http://www.youtube.com/watch?v=rv1Bj8_6ID4 (poor audio quality and since there are no subs, a bit of explanation may be necessary. Olympia is a wind-up doll that sings a simple song about how to a young girl everything seems to speak of love (lyrics: http://classicalmusic.about.com/od/c..._charmille.htm ), while Hoffman, who can't see she is a doll due to special glasses, falls in love with her. I link this performance specifically because despite the poor audio quality, it is hilarious. Natalie Dessay is truly an actress par excellence.
    http://www.youtube.com/watch?v=3zegtH-acXE

    If you don't find any of the above entertaining, it could just be that opera isn't for you. Nothing wrong with that, not every art has to be appealing to every person.

    If you decide you do want to dive in and watch a full opera, I'd suggest Orphee Aux Enfers (the operetta from which the Duo De La Mouche I posted above is from) as a great first choice, specifically the Laurent Pelly / Natalie Dessay version. It's short (by opera standards), modern staging and pacing, one great song after another, riotously funny, some really great performances (both singing / acting) and just a much more modern feel than, say, Mozart -- it's very over-the-top and satiricial.

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    Quote Originally Posted by Whistlerguy View Post
    Of all the types of classical music I like opera the least.
    But if I read the plot it is as if I watched the film for the second time - a bit boring.
    I understand what you're saying but I generally read a synopsis of an opera first otherwise I often get lost. I have to listen to an opera 2 or 3 times before I have a good feel for the flow and rhythm of an opera. One exposure works with a film, but not with opera.

    Like another poster, I'm 35 and love the genre. I'd listen to it even more if it wasn't such a time commitment (I do an act at a time as someone else suggested) and if I didn't have to follow along closely with the libretto (a must). I don't know any other strategies to enjoy it; I love opera and can't explain why, much to the bewilderment and amusement of my wife.

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    I just started my journey in opera recently. My first was Don Giovanni, which I absolutely loved. I was really surprised by the humor in it. Then I went on to Turandot, which was the first one I had to go back and listen to over again. The melodies were incredible, the way the emotion and drama intertwines with the music is just stunning. That's the opera I recommend starting with. Next was a series of Wagner (Tristan, Die Meistersinger, Bohms Ring Cycle), the only one I really loved was Das Rheinegold, I found Siegfried to be absolutely annoying, and perhaps a little mentally retarded, in short - a complete idiot. I think I'm done with Wagner, the characters seem to operate on a juvenile level, which I just cannot stand.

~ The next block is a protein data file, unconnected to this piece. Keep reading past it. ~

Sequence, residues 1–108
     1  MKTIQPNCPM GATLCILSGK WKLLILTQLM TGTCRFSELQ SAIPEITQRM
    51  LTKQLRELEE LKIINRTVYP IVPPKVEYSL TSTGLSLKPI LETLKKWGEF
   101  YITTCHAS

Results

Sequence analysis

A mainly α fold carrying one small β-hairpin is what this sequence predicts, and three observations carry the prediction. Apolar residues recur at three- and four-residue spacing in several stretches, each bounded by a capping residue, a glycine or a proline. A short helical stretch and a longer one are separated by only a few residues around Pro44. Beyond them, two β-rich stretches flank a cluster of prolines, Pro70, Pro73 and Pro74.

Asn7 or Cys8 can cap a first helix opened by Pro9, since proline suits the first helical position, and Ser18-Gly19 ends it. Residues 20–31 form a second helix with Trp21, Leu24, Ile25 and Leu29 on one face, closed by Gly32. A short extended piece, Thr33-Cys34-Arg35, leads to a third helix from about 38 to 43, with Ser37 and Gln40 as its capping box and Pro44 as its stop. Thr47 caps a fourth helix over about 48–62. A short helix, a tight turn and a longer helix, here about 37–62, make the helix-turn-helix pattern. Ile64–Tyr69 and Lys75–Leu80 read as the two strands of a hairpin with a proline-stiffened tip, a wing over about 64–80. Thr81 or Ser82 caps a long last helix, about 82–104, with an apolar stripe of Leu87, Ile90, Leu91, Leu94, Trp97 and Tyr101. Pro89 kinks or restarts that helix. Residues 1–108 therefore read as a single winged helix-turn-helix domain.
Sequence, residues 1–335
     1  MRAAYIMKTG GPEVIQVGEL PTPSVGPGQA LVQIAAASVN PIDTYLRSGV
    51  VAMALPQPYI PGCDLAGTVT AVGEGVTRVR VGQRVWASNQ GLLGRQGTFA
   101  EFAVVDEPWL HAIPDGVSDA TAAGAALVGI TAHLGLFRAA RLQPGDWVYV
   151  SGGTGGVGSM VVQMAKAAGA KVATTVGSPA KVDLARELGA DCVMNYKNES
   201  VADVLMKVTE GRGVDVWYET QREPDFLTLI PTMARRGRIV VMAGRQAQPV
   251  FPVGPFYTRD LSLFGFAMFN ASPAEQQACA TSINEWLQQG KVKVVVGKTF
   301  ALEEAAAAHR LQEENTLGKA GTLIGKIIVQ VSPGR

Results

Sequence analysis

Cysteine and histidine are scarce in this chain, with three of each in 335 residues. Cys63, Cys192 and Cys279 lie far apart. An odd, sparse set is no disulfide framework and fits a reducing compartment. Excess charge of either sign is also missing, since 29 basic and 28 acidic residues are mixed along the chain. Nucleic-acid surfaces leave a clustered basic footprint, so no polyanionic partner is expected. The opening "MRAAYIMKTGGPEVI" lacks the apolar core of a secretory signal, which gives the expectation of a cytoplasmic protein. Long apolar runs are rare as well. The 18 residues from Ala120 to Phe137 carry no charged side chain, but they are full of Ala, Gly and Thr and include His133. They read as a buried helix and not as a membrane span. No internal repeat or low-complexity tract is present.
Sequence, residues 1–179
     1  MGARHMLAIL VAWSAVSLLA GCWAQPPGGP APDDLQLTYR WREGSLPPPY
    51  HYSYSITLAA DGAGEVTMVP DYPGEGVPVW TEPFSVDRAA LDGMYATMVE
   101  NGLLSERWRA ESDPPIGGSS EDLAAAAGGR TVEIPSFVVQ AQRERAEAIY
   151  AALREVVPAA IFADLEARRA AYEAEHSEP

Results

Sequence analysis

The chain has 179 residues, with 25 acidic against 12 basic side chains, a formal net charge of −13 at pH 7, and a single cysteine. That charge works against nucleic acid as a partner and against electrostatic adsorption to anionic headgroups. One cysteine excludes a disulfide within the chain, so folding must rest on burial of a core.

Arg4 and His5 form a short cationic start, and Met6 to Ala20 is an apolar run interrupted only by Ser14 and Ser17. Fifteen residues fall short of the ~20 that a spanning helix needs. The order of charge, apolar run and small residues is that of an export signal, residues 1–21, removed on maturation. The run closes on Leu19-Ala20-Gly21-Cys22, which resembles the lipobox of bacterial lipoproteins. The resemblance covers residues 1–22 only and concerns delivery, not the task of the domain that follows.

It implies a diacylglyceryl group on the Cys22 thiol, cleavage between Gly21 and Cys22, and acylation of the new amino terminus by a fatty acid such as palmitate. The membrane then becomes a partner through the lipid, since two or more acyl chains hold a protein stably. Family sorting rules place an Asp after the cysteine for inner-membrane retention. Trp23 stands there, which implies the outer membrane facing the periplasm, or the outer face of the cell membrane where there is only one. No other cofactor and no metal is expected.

I bought a Puccini "Definitive Edition" recording box which is what I'll focus on next. The recordings in it are stunning, but maybe a little too perfect and clinical. Then comes the rest of Mozarts operas.

    So my recommendation - youtube Turandot, listen to some of the arias to see if they grab you, but realize that you're only getting part of the experience. If you like it - buy a copy (that includes the libretto), set yourself in a quiet room away from everyone and follow along with the text.

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    Moderator mamascarlatti's Avatar
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    Opera by its nature is music theatre and has never been designed to be just listened to. It has be be seen and even preferably experienced in the flesh for true appreciation and enjoyment, so maybe the first thing is to get a DVD and watch it an act at a time.

    It's probably best to choose music that is close in character to what you already enjoy. What non-opera classical music do you listen to most?
    Natalie

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    I was seduced from the moment of attending my first opera in person. There is nothing to compare with the real-life experience. In most instances there are subtitles that allow you to follow the story easily... especially when coupled with the dram being acted out upon the stage.

    As for the problem with operatic vocals... yes, they are "artificial"... it's art, not life. What's the quote? "Opera is when a guy gets stabbed in the back and, instead of bleeding, he sings." The entire experience is theater... spectacle.

    Beyond the live experience, if you are really serious about exploring opera I would suggest you read up a bit on it. I greatly enjoyed the book, The Story of Opera by Richard Somerset-Ward which gives a great history of opera for the novice illustrated lavishly. It can be found rather inexpensive used. But undoubtedly there are other good books.